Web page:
Palestine's Search for Statehood
An Iranian woman stands in front of a poster during an anti-Israeli demonstration. PHOTO: AFP
When Newt Gingrich, the Republican hopeful in the American presidential race, said the Palestinians were "an invented people" who did not deserve an independent state, he triggered predictable fury in liberal circles. But apart from demonstrating yet again the extent to which candidates are willing to go to curry favour with Jewish voters, Gingrich did make an interesting point.
Basically, he has asserted that Palestinians were Arabs living under Ottoman rule for centuries, and were never a separate nation. But this is equally true for all the other people around the world who lived under colonial rule: it was only after the retreat or collapse of empires that nation-states came into being. Did they not deserve statehood?
Many states are relatively recent constructs. Italy wasn't unified until the late 19th century. Germany was created from a mosaic of Germanic principalities, duchies and kingdoms under Prussian hegemony in the second half of the 19th century. The post-Second World War era saw a wave of decolonisation and the emergence of scores of new states.
The collapse of the Soviet empire in 1991 witnessed another large batch of freshly created states. Socialist Yugoslavia splintered further into its component states, and Bosnia, Croatia, Serbia, Macedonia and Slovenia emerged.
Thus, history shows us that political geography is not something static: it evolves as wars, revolutions and collapsed empires generate new realities and new aspirations. Perhaps Newt Gingrich missed the irony of his charge against the Palestinians: if ever a people have been invented, it is the Americans.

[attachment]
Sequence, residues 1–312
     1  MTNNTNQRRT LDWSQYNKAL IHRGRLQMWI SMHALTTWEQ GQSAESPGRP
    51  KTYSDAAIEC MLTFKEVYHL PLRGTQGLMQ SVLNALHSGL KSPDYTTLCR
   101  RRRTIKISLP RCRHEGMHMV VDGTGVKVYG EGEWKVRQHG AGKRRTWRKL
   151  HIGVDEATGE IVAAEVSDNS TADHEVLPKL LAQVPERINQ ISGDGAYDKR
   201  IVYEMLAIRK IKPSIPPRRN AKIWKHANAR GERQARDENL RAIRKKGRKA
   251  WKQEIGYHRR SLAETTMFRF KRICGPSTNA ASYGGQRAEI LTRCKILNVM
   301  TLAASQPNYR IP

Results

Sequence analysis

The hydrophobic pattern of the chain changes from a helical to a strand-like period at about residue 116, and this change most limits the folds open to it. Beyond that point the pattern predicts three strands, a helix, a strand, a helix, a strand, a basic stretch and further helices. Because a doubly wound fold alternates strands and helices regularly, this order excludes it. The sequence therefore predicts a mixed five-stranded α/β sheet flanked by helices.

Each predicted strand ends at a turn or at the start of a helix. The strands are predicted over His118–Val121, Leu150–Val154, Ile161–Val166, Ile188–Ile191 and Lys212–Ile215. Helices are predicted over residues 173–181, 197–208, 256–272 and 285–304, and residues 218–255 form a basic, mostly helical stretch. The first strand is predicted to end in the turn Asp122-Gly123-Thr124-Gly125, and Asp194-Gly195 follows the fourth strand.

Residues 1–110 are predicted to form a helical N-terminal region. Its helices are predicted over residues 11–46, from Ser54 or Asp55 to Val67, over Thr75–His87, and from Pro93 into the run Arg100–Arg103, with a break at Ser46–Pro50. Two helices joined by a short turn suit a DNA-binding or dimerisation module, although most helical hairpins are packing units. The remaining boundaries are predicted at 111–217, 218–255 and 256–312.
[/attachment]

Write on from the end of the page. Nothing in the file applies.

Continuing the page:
Here is a nation whose citizens originate from literally every point of the compass. From its discovery by Christopher Columbus in 1492 to the recent waves of migrants from every country under the sun, America has been a beacon to millions, and herein lies its strength. But to suggest that Americans are one people is be blind to history and demographics.
So how do people qualify for statehood? A shared language, history, ethnicity and natural barriers like rivers and mountains help. Religion is often a feature, but there are many examples of multi-religious states. The question then arises as to why, in Gingrich's admittedly blinkered view, does Palestine not qualify. After all, Palestinians have been living in the area for centuries, mostly farming, but also trading.
As we have noted, a common faith is not an essential requirement, and Muslim, Christian and Jewish Palestinians have lived side by side under the Ottomans for hundreds of years. It was only after the start of the resurgence of Zionism in the late 19th century that saw European Jews arriving in Palestine in significant numbers. More were encouraged to come after the 1917 Balfour Declaration committing the British to the creation of a Jewish state. The Versailles Treaty that divided up the German and Ottoman Empires among the victors of the First World War gave the Zionist dream the seal of international approval.
A demonstrator carries a Palestinian flag reading "Free" during a demonstration denouncing
Israeli attacks in Palestine. PHOTO: AFP